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I am trying to install Fedora 23 and continually getting a media check fail at 85.7%.

I am using a 32gb ADATA USB stick and making the bootable with dd.

sudo dd if=/Users/me/Downloads/Fedora-Workstation-netinst-x86_64-23.iso of=/dev/disk3 bs=1m

Here is the result of that command:

413+0 records in
413+0 records out
433061888 bytes transferred in 22.151491 secs (19550011 bytes/sec)

I have also checked the SHA-256 hash and it is identical to the one on getfedora.com (where I downloaded the iso from).

I have also tried reformatting the USB drive as well (it is formatted as FAT).

Any ideas? Can I safely go ahead with the installation anyways?

  • A memory check normally test the RAM. Checking the USB would, in my experience, be called a media check. Can you boot a from some other live distro and run the memory checker? And if the memory is bad, get it replaced, there is no guarantee that correct data doesn't get corrupted when copied to+from the bad memory. – Anthon Mar 23 '16 at 18:34
  • Sorry I meant to write media check fail (like the title). My fault. – Adam Thompson Mar 23 '16 at 18:40
  • And I almost never read the titles, sorry for that – Anthon Mar 23 '16 at 21:06
  • No problem! My fault. Would you say it's safe to continue since it is a media check fail? – Adam Thompson Mar 23 '16 at 21:24
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It is not clear to me what this would be, but I would proceed with caution as ignoring a "bad read" might result in corrupted code on disk (it doesn't have to it as the check could be faulty).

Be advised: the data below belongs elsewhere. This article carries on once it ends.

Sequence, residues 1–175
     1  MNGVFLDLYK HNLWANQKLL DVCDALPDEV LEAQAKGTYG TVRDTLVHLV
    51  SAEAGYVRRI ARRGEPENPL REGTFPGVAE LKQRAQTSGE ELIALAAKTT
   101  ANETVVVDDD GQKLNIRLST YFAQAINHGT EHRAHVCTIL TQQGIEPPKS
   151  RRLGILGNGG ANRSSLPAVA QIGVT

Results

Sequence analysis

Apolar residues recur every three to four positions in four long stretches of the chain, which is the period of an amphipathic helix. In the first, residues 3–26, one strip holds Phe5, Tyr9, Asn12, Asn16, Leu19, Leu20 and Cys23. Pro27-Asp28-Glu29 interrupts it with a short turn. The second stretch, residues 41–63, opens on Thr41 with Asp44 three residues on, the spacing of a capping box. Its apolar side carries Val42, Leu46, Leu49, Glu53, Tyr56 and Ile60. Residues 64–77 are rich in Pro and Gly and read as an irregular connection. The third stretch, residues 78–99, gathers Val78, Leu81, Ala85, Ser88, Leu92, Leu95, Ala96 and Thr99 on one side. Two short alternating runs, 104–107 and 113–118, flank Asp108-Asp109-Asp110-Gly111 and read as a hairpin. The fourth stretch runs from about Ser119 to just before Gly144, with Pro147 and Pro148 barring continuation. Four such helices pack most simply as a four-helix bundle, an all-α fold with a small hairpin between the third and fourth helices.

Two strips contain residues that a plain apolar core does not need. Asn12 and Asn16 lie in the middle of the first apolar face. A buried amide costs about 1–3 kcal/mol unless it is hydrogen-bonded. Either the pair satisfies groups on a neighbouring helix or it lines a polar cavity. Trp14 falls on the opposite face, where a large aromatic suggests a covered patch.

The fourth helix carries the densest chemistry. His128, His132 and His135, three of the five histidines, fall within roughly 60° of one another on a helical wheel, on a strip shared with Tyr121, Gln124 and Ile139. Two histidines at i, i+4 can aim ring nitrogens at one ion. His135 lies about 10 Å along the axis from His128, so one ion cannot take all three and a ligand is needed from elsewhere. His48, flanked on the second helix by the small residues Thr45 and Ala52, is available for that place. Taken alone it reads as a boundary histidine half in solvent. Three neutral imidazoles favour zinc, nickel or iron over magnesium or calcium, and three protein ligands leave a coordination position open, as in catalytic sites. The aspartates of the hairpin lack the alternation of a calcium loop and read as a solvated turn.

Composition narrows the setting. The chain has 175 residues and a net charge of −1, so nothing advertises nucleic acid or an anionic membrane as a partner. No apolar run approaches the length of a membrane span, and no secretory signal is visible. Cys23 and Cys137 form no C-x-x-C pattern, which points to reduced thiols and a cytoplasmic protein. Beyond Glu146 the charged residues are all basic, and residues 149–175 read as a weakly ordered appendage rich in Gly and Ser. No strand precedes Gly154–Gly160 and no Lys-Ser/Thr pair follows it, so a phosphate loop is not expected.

First thing to do is trying a different USB port, especially downgrading to USB2 if you used a USB3 port before.

The other thing you can do if you have a machine with VirtualBox or other VM, is to install from that USB to a VM and see what happens.

If you have the time to buy another stick, do so and weigh the cost of spending against potential future trouble. You can of course re-use the stick for other things if it turns out that gives the same error (indicating it is something in the target machine) ¹.

If another stick gives the same error, it might be some USB problem or a memory problem. In that case test the memory extensively (memcheck) even if you tested the USB on the target machine (from an older installation e.g.) as it could be that the installer media check hits some other memory with a bad spot that the "manual" check doesn't hit.

If memcheck doesn't show anything, I would try a more minimal network installation if available. It might just be that the USB interface goes bad after reading a certain amount of bytes.

If you decide to proceed, it might be that you get more errors (if the USB hardware has some errors), but AFAIK the checksums of the individual packages will still be checked during the installation as well independent of the "global" media check.


¹ Reusability is the primary reason I use a SD cards for installation, as I can also use those in my camera, phone and ebook readers. I did find however that my laptop did not boot from my multi-card USB3 reader (with hub, from which my desktop PC and servers boot fine). My laptop would only boot from my single card USB2 SD card reader

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